I have a Google Alert set up for the term "haiku," and as a result I get many interesting or odd links in my inbox. Some have to do with the Maui town of Haiku in Hawaii--everything from obituaries to announcements of Unified Field Theory seminars. Others have to do with the Haiku operating system for computers. Some lucky days I get links for haiku poetry!

Over the past two weeks I found several mentions of a new book by Emily Dickinson aficionado and poet, Everett Decker, called haiku Emily! An article about Decker's book mentions that it is an introduction to 125 of Dickinson's poems accompanied by "haiku-style interpretations of the poems based on his own interest in haiku and Japanese philosophy and the similarities he sees between haiku and what he calls the 'hymnal lyric style' of Dickinson's work."

Now, before I go any further, let me say that I have not seen the book, so, I shouldn't really be making a judgment on it on the basis of one or two articles, but, I do have some strong opinions about the way haiku is being promoted to the general public as a way to make cute and clever commentary* without regard for its long and revered history as a poetic form in Japan and elsewhere in the world--it's just not right!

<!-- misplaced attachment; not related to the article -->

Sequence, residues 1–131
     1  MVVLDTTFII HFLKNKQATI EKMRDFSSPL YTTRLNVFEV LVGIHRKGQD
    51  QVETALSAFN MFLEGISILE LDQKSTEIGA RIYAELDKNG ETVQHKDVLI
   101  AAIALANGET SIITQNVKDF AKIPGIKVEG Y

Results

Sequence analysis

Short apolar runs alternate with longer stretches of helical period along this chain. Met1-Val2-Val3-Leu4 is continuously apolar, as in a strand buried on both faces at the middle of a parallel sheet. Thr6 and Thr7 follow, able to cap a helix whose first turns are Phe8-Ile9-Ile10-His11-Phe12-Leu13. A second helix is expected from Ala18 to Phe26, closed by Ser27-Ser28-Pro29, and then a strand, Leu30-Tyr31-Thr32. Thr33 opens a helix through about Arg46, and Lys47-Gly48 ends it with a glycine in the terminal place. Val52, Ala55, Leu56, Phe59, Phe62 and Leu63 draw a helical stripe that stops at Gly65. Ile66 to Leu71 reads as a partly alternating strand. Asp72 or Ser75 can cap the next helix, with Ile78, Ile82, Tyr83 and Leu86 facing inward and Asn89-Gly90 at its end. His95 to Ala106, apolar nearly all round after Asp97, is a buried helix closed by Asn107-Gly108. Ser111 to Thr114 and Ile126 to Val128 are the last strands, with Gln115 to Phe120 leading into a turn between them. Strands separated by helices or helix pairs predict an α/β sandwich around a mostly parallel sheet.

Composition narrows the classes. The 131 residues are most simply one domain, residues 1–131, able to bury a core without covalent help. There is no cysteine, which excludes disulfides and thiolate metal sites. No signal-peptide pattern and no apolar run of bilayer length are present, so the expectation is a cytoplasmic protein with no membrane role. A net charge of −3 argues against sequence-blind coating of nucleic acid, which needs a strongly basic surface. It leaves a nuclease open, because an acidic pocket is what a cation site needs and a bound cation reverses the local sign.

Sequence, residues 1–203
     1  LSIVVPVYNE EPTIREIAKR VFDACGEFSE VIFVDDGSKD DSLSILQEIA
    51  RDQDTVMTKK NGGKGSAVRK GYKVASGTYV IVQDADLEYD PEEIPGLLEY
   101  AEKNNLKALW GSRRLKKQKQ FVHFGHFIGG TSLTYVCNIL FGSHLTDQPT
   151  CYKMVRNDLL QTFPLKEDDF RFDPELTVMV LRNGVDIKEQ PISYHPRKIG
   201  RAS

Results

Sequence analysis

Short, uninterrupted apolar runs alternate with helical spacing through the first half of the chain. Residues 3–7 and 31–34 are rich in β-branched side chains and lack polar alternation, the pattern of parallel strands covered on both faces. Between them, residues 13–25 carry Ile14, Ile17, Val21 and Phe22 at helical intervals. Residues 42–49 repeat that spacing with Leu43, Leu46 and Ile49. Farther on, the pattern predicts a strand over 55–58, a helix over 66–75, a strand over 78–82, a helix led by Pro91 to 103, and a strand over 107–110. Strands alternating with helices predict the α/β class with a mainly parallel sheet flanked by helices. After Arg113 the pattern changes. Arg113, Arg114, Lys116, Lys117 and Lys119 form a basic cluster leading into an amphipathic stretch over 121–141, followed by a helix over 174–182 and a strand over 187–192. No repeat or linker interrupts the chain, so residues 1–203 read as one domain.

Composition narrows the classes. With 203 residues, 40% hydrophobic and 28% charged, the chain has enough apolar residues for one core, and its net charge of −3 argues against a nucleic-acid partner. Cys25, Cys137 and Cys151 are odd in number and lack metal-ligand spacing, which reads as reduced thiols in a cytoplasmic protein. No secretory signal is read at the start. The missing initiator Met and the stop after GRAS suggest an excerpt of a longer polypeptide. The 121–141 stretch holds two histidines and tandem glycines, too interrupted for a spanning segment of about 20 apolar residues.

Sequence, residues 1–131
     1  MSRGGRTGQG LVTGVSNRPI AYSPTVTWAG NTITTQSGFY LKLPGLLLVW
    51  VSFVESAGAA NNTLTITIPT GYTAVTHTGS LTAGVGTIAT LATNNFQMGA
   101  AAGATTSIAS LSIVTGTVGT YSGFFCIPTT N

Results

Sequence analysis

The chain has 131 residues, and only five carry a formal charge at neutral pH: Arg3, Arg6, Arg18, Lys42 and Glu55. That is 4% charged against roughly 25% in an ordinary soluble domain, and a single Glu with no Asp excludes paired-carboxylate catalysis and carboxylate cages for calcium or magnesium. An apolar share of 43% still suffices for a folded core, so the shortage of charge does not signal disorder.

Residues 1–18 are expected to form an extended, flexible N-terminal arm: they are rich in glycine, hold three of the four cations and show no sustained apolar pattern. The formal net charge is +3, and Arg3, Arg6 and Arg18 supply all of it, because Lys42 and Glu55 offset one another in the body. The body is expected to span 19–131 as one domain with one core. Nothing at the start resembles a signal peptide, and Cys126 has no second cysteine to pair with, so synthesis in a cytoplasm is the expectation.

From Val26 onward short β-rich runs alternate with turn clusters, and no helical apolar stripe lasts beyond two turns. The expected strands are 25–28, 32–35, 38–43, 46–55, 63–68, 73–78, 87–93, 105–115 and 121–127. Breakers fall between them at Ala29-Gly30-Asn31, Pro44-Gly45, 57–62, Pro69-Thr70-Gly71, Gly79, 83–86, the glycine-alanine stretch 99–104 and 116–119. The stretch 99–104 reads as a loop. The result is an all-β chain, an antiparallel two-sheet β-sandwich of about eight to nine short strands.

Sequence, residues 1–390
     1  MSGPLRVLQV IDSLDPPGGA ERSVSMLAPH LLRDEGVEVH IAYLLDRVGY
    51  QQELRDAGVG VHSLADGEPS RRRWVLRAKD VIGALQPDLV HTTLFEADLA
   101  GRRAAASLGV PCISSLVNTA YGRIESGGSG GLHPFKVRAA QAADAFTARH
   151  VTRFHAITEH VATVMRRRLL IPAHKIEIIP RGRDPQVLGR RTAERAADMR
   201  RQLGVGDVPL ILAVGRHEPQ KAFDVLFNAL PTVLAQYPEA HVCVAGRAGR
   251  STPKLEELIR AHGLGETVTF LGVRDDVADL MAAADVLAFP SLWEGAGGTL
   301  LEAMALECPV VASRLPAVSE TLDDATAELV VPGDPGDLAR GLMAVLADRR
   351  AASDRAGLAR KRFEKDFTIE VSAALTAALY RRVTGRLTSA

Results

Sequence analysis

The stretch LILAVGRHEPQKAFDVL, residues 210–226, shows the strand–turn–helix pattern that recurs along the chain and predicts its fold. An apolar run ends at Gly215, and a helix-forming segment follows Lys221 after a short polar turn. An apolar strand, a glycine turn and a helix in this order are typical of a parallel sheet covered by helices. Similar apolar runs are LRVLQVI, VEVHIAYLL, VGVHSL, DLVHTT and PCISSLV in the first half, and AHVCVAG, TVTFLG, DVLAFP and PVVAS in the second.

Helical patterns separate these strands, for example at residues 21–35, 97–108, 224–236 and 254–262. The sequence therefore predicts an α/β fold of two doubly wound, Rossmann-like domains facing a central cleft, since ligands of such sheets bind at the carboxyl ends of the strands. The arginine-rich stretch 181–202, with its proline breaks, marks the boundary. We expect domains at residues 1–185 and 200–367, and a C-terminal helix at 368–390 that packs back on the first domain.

The writer of the haiku Emily! article tells us that Decker, in the preface to his book, says, "I may have had to make her less reverent to make her more relevant..." The article's only sample of a Decker interpretive "haiku" is the following, written about the poem known as "267 Did we disobey Him?":
there was the whole Eden thing -
get over it

Emily probably wouldn't have minded the irreverence, and I don't mind it either, but PLEASE, don't call the vehicle for it haiku! Rant officially over!

haiku Emily! did get me thinking about using Dickinson as a starting point for writing haiku. Her poetry is saturated with images of nature--both natural and human. So, here are a few Dickinson-inspired haiku, and the stanzas from which they came:

A Drop fell on the Apple Tree--
Another--on the roof--
A Half a Dozen kissed the Eaves--
And made the Gables laugh--


a drop of rain--
an eruption of giggles
under the eaves


I heard a Fly buzz--when I died--
The Stillness in the Room
Was like the Stillness in the Air--
Between the Heaves of Storm--


summer wake